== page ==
The European Commission is on the lookout for ways to improve the security of the software it uses. A recent innovation saw the launch of its first ever bug bounty programme for VLC, the popular open source media player. The programme is coordinated by the Directorate of Informatics (DIGIT).
Bug bounty programmes are used by companies and public institutions around the world to compensate and recognise individuals who find vulnerabilities in software products. The focus of the Commission's bug bounty programme is Open Source software; arising from the ''EU Free and Open Source Software Auditing'' project (EU-FOSSA), initiated by three Members of the European Parliament - Max Andersson, Julia Reda (both Greens/EFA) and Marietje Schaake (ALDE).
Between EUR 100 and EUR 3000 will be awarded for bugs found in VLC player, an open source software solution, installed on every workstation at the Commission. The programme is expected to run to end January 2018 or until the bounty budget is exhausted.
“Qualified security vulnerabilities will be rewarded based on severity and impact,” announced HackerOne, the company/platform commissioned to manage the bug bounty for VLC.
Which bugs will qualify for an award is at the discretion of the VLC team. Award amounts depend on the severity of the vulnerabilities found and will be calculated based on the industry standard Common Vulnerability Scoring System version 3.0. The programme is now open for everyone to participate.
The bug bounty has been made possible by the EUR 2.6 million EU-FOSSA 2, a follow-up project of the EU-FOSSA (Free and Open Source Software Audit) pilot project. Preparations for the VLC player bug bounty began in the summer of 2017, with HackerOne awarded the first contract in a negotiated procedure open to all interested companies. A call for tenders for further bug bounties will follow during the implementation of the EU-FOSSA 2 project in 2018-2019. Prior information notice can be found here.
The idea for the EU-FOSSA project came following the discovery of a serious vulnerability in the OpenSSL cryptographic library in April 2014. This open-source software library runs on thousands of servers worldwide. The issue, nicknamed Heartbleed, was easy to spot and solve yet nobody had checked the OpenSSL code. This incident highlighted the need for funding to security screen the vast number of open-source software projects. The urgency and importance is further underscored given that the use of open-source software is becoming a norm in major, critical infrastructures and is one of the pillars of modern digital economy and society at large.
MEPs from the Group of the Greens/EFA Julia Reda and Max Andersson proposed to address this problem by raising awareness within the EU Parliament and raising much needed funding to help the Commission audit open-source projects, for the shared benefit of EU citizens, companies and the European Union institutions themselves. So critical is this issue, that they view it as a candidate for permanent fully funded action within the EU. This action could make a huge difference in improving everyone's online security.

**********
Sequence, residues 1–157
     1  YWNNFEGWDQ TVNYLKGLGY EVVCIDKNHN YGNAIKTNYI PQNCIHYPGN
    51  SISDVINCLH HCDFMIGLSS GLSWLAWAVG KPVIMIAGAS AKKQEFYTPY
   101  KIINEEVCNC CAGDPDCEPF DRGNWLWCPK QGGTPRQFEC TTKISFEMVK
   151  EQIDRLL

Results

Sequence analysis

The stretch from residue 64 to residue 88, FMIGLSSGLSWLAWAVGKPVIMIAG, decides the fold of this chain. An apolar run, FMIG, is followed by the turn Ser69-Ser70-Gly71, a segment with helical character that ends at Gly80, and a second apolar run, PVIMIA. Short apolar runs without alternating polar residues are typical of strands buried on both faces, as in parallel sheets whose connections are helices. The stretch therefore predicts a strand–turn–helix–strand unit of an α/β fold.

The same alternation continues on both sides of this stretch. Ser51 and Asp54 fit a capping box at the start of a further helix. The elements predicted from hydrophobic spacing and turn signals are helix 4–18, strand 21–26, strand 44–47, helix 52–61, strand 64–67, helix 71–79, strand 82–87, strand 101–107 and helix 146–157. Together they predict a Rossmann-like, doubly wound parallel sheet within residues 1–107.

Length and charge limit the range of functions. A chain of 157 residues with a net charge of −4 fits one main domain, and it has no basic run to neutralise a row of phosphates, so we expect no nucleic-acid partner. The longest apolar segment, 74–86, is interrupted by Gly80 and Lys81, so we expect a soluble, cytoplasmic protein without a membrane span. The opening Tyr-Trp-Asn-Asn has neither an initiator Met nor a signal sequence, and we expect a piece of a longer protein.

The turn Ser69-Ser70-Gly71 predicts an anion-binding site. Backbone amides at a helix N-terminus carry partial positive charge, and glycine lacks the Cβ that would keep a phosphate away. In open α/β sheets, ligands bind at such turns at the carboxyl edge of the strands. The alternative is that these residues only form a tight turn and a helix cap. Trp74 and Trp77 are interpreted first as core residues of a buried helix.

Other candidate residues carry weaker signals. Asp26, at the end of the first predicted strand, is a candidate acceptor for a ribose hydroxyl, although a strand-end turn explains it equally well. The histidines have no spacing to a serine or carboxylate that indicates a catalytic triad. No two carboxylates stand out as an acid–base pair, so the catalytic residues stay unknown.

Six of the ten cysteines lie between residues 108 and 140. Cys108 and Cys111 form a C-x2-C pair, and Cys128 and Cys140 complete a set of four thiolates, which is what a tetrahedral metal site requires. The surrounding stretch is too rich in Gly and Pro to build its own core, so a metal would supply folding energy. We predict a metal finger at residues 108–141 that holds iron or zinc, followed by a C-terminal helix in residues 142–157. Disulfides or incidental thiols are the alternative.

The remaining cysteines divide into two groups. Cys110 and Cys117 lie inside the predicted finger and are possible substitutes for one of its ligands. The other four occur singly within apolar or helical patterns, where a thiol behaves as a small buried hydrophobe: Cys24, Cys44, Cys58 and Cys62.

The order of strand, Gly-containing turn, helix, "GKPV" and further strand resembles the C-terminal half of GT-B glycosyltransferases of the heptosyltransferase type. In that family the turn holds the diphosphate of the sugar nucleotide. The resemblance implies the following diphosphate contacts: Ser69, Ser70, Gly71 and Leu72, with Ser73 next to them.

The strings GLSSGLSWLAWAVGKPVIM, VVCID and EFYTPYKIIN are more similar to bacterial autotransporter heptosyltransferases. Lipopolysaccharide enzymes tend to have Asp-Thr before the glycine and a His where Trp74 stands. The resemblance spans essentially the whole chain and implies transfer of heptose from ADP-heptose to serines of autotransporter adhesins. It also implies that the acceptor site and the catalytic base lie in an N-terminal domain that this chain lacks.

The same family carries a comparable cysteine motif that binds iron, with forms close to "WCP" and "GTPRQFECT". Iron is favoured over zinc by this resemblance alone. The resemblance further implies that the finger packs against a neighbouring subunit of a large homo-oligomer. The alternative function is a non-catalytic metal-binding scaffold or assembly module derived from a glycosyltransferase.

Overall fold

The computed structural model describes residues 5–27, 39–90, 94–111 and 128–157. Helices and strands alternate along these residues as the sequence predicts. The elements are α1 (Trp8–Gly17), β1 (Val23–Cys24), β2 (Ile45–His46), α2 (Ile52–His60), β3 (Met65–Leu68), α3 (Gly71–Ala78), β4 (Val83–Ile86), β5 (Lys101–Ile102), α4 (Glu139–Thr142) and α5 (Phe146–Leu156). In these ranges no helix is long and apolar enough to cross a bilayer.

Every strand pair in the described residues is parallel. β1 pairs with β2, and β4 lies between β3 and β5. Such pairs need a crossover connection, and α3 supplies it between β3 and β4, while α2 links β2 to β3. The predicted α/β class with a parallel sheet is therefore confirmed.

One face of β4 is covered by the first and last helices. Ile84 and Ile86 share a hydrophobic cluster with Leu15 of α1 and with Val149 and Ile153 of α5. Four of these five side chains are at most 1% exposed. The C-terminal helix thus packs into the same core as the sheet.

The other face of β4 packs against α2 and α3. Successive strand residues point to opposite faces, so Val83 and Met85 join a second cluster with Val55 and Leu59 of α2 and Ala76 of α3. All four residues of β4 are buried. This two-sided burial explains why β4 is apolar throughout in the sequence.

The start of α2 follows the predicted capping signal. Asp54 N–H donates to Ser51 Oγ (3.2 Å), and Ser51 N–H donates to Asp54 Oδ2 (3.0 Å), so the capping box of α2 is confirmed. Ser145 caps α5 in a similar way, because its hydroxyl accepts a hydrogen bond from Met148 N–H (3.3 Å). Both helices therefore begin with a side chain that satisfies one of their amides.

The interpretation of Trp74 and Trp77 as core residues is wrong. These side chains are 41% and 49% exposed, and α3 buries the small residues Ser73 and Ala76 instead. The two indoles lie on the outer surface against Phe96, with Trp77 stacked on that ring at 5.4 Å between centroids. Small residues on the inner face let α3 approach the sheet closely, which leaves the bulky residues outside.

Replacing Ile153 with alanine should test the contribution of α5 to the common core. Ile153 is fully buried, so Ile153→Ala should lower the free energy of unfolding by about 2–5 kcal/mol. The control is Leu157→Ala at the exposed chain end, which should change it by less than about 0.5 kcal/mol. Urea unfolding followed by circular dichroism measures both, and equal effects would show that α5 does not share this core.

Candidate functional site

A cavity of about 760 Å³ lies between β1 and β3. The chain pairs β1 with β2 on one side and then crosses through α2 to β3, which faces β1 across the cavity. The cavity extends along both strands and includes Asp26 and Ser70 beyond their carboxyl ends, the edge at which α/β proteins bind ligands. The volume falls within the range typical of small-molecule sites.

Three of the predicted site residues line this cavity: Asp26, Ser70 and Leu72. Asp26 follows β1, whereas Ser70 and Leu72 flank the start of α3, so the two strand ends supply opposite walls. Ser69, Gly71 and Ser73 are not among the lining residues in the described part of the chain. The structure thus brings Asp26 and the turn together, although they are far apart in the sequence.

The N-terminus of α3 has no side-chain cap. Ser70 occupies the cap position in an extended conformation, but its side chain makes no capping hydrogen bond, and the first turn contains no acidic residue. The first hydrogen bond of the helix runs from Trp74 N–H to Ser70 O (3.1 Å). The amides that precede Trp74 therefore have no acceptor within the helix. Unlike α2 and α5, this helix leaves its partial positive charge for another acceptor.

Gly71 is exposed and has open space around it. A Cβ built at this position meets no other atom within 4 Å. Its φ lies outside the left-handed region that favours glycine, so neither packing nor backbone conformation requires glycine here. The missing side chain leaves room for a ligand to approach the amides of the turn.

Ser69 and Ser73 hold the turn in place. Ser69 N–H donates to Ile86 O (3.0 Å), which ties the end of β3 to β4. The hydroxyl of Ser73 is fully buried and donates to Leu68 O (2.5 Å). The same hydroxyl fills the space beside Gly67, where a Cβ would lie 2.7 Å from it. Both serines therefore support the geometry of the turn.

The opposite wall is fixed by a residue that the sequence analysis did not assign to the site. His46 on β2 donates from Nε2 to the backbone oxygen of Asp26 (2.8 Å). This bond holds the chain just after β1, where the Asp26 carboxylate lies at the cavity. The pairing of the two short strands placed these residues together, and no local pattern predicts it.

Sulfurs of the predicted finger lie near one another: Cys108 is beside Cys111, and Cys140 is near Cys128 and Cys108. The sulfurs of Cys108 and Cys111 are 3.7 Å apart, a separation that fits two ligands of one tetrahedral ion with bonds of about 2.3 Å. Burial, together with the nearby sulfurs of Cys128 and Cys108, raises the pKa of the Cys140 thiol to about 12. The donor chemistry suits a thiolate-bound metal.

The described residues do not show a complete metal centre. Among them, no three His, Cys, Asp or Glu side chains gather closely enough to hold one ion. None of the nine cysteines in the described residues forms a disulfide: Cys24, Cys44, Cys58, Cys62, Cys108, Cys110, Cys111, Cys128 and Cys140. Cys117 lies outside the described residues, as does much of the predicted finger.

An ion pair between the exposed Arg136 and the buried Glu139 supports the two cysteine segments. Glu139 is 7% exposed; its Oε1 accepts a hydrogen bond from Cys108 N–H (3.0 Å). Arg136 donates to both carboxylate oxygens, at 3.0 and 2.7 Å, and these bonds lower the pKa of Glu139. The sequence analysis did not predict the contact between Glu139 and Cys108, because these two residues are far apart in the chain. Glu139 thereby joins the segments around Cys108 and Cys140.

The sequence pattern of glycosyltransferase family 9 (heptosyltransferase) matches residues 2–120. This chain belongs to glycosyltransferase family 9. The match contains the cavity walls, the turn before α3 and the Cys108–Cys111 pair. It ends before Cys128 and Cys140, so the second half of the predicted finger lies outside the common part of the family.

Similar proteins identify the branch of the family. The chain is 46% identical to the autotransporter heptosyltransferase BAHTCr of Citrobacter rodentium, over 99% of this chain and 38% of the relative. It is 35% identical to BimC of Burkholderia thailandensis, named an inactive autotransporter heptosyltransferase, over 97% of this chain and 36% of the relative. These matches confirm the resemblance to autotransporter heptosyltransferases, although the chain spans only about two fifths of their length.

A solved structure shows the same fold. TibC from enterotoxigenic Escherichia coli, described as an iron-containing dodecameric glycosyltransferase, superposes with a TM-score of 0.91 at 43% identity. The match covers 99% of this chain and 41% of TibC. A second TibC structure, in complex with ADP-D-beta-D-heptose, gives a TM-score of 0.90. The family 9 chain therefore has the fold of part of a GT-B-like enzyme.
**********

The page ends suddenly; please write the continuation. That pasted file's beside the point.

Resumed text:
A pilot project was carried out during 2015-2016 by DG Informatics of the European Commission. It delivered studies, inventories of open source software and two code reviews: one of Apache HTTP Server Core and the second of KeePass. No major issues were found in these mature open source projects. The minor severity issues were quickly fixed. Dominik Reichl from KeePass said: "I think the EU-FOSSA project is a great idea. For KeePass, the project went well and has resulted in improvements."
The EU-FOSSA project contributed directly to the operational work at the Commission. Indeed, the positive audit result helped the decision to make KeePass available for installation to all Commission users.
The continuation of the EU-FOSSA initiative was approved by the European Parliament in December 2016 with the aim to additionally:
- finance bug bounties
- raise public awareness of the importance of software security
- choose the companies running these activities in an open call for tender
- organise a hackathon for selected open source communities
- conduct information campaigns around the software security
- achieve greater public visibility
Execution of the core of this project is planned to start around Q2/2018, due to the time necessary for a call for tender preparation, but work started immediately by conducting proof of concept projects in order to better understand the details on how bug bounties should be organised. The project team will also complete its inventory of open-source software used within the different EU institutions to identify candidates requiring security analysis.
European Parliament votes to extend Free Software security audits - blog post by Julia Reda